C# 5.0 All-in-One For Dummies
If there is any problem with the .NET Framework from the C# Programmer's perspective, it’s just that there is too much good stuff. A lot of classes have so many properties and events that it's hard to remember what the most used stuff is. Here’s the cream of the crop in the Collection, Connfiguration, and Async classes, all put together for easy reference.
Keeping Stuff in C# Collection Classes
Many variables are for storing one thing, like a number or a sentence. An object can have a lot of properties, storing a lot of information about a single concept. Sometimes, though, you just have to keep track of a big list of stuff. That’s where the collection classes come in.
The collection classes in C# are awesome because they can help you keep a list of items, or a group of keys and values, and provide searching, proctoring, and general maintenance tools for free. That’s a lot easier than writing the two hundredth ‘sort customers by last name’ method this month.
C# has basic collection classes, generic collection classes, and concurrent collection classes. These last ones are for thread safe operations in a multiprocessor environment. All of these collection classes are useful if you know where and when to use them.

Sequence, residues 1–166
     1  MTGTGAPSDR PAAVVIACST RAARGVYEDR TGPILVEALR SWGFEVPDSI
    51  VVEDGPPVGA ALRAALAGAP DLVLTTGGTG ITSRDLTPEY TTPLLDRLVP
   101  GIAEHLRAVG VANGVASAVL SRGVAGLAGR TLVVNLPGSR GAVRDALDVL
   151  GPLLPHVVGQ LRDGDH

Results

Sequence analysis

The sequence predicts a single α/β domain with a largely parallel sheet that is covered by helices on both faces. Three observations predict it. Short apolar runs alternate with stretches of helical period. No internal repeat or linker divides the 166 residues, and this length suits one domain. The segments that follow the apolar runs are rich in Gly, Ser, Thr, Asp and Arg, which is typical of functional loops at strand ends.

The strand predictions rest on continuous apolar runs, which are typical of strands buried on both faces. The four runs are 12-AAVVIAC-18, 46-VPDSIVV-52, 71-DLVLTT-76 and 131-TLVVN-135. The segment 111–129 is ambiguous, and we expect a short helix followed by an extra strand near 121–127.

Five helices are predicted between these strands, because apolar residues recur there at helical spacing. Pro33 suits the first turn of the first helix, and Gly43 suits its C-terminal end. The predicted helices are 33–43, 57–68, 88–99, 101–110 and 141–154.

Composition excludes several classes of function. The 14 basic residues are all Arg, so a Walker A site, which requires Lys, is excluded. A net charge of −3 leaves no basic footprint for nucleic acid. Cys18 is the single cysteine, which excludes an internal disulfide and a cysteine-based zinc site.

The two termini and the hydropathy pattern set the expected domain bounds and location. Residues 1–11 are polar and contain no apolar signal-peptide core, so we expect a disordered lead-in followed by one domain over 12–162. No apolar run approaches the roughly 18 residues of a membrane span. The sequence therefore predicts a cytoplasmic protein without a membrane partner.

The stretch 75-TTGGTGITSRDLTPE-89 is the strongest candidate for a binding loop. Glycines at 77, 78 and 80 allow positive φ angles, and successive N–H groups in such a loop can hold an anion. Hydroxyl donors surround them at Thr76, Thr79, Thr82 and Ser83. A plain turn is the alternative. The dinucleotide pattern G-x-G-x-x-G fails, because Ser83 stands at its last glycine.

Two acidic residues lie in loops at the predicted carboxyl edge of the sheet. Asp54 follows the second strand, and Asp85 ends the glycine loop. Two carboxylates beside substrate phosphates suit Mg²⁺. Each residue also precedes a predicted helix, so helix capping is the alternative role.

Regular collections store untyped stuff for you. If you don’t know exactly what you’re going to store, regular collections are for you. Most everything in these classes are stored as Object.
|ArrayList||This is just a straightforward collection of objects whose size is initially declared, and that size is increased as needed (but not decreased).|
|HashTable||Just a two-column table of keys and values, where the pairs are linked for sorting a retrieval.|
|Queue||A first in, last out (FIFO) list of items. Great for storing program process stuff.|
|Stack||Like a Queue, but Last In First Out (LIFO).|
C# 2.0 introduced generic collections. Generic collections allow you to store typed collections of items, as declared at runtime.
|Dictionary<TKey, TValue>||Just a HastTable, except typed, so you don’t have to store Object, Object. TKey and TValue are types, so you can store a list of <Int32, String> if you want.|
|List<T>||This is the new Array. It’s a typed list of items. By far, the most common collection class used. It’s the default. If you need a list of people, it’s a List<Person>.|
|Queue<T>||Similar to the untyped Queue, but, well, typed!|
|SortedList<TKey, Value>||This awesome Dictionary implements IComparable so that it can be sorted.|
|Stack<T>||Just like the untyped Stack, except typed.|
Concurrent collection classes
Finally, the Concurrent classes make sure that the objects you store in a list are available in any memory space, no matter what processor. It’s a bigger deal than you think.
|BlockingCollection<T>||It’s a thread-safe class that will prevent one thread from altering a field that is accessible by another thread. Brilliant stuff, really.|
|ConcurrentDictionary<TKey, TValue>||Speaking of brilliant, this set of key/value pairs can be accessed by multiple threads.|